Goods in transit and retrospective certificates of origin
If your goods were in transit when the EU-Central America association agreement ceased to apply to the UK, you can obtain a retrospective certificate of origin. This shows that the goods originated in the UK and are eligible for preferential terms if your goods arrived on, or within four months after, the UK-Central America association agreement started to apply.
You can get retrospective certificates of origin from your usual provider.
Geographical indications (GIs) protect the geographical names of food, drink and agricultural products.
Both the UK and the Central American countries existing GIs remain covered by this agreement.
The following UK GIs, including ‘transborder GIs’ that relate to the territory of both Northern Ireland and the Republic of Ireland, are protected in this agreement:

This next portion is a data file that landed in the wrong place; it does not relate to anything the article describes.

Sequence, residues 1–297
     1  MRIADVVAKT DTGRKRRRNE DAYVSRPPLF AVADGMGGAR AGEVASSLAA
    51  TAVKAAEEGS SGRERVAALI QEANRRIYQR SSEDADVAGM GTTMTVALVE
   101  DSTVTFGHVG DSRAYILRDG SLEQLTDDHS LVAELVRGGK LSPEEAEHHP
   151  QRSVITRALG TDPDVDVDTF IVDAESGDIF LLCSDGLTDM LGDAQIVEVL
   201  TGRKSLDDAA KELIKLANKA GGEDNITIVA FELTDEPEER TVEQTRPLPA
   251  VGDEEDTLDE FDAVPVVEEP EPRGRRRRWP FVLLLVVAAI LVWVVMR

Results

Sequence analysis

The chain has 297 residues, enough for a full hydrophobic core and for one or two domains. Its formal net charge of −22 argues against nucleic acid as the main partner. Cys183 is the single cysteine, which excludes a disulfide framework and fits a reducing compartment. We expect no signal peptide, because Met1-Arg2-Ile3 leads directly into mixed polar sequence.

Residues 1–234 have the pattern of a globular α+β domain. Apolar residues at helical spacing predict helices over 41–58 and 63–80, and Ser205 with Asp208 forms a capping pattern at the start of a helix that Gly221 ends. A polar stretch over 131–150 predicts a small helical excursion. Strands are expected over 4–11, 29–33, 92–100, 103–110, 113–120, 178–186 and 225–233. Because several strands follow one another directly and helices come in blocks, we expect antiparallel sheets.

- Scotch whisky
- Irish whisky/Irish whiskey/Uisce Beatha Eireannach
- Irish Cream
Find out how the Northern Ireland Protocol could affect your business.
Freight forwarding may save you time and money if you’re exporting large volumes of goods or high value items by sea or air freight. Find out more about freight forwarders.
This guidance is for information only. You should consult your legal advisers if you wish to ensure you understand the legal implications of trading for your business.
If you have queries about trade, contact the Department for International Trade (DIT).
Should you wish to speak to someone directly, we have local trade offices based around the UK. Within each office, you can contact an international trade advisor. Find your local trade office.